part 1: Technology
Broadcasting has changed so
much since I began.
When I was in my first year at college
radio station, we were still playing commercials from reel to reel tape!
Of course the news reports always came off reel to reel tape, so we had to cue everything. Thank heavens, when I got on air, we moved to cartridges.
Now things have changed it is done now on digital audiotape.
But things change. It will always change.
The technology moves forward.
You're always learning.
In terms of the physical aspect of the job,
there is always a task to learn.
It's like piloting an aeroplane.
We are learning new tasks all the time.
The amazing parts come when you're working for 2 different radio stations and they have 2 different types of desks and the faders go in the opposite directions, then you have to be really aware of where you are.
I would say, for example, in 1999, the biggest technological challenge to me, is that Classic FM has moved to new studio in which all the jingles are on touch panel. The jingles are up there, in front of you and if you want the news jingle, beep here for a new one. But it's so touch sensitive that if your fingers are on there for more than a record, it will hover and fire again.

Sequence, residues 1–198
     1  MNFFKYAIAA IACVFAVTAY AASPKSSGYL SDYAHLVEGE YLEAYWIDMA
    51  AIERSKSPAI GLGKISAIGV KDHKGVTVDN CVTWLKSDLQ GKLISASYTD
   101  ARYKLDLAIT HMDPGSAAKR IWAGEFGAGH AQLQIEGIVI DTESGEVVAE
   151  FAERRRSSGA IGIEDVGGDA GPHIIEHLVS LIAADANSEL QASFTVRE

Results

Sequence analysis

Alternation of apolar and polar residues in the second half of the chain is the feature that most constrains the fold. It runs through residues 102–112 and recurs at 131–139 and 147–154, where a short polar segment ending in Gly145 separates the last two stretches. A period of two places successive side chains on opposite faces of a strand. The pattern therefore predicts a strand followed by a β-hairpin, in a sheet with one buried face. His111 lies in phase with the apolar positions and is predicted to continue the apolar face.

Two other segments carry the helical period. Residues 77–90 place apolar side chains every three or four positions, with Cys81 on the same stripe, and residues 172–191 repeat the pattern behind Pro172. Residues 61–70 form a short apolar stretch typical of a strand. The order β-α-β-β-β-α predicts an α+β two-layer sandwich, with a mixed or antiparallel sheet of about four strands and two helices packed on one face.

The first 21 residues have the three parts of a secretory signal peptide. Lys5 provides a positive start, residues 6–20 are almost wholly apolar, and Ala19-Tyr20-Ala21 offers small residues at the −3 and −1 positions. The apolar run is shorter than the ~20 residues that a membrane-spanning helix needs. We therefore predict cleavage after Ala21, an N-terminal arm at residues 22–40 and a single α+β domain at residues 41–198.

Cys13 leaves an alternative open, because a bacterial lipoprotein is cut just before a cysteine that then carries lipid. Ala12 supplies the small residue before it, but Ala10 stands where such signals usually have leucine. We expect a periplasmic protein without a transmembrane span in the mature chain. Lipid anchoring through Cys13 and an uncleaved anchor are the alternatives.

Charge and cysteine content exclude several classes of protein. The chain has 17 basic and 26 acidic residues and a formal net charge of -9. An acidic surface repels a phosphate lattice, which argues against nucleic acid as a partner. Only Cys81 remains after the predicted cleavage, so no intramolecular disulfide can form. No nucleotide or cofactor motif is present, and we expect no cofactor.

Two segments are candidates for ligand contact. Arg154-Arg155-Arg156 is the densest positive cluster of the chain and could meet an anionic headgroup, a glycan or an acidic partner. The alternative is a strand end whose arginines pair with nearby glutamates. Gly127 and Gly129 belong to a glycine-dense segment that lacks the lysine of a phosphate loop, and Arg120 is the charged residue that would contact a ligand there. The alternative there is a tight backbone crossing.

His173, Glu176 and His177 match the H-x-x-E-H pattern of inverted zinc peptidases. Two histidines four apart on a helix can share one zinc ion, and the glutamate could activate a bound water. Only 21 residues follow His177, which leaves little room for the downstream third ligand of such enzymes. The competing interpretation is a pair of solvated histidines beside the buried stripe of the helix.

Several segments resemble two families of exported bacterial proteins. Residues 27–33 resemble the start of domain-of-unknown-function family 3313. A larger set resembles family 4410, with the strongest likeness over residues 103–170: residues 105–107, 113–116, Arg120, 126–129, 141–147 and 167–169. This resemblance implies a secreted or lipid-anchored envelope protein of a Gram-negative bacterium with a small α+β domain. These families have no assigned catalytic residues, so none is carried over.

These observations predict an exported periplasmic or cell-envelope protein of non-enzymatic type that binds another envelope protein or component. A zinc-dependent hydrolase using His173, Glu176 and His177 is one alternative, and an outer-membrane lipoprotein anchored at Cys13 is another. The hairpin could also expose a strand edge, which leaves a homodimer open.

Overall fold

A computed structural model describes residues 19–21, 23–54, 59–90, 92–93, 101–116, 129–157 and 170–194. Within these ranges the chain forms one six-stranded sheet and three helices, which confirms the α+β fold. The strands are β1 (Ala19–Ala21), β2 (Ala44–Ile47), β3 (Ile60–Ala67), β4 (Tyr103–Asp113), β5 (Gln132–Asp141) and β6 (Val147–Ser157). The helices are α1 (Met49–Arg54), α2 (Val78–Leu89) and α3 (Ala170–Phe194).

So the new wave of technological material makes new errors possible, errors that no human beings will ever make. I think it's absolutely fascinating.
On radio 2: OK. To the man in suit it's probably tedious, but you've got to learn the weakness of the equipment, you have to learn the exact technique to the touch tone panel so you don't have multiple jingles firing at the same time.
On BBC Radio 2, the biggest challenge in the past few months has been that on one of the CD machine's faders, if you touch it on the day that my predecessor has smoked his cigar, his ash may have fallen onto the thin slit on which you move the faders back and forth and will actually increase the volume of the disk dramatically when you touch the faders.
I had records coming back because my predecessor earlier in the day has smoked his cigar!
So you've got to learn to be very gentle with the faders and any more bizarre example is that one day my microphone stayed on even when I turned it off because the cigar's ash has somehow shorted the instruction into the desk so that my producer and engineer sitting on the outside of the studio had to rise and fade my microphone before I even started to speak! So sometimes you have to work things out with the studio as the years go by, you have to look at things in a different way.
There have been fundamental changes and that is in the nature of the BBC.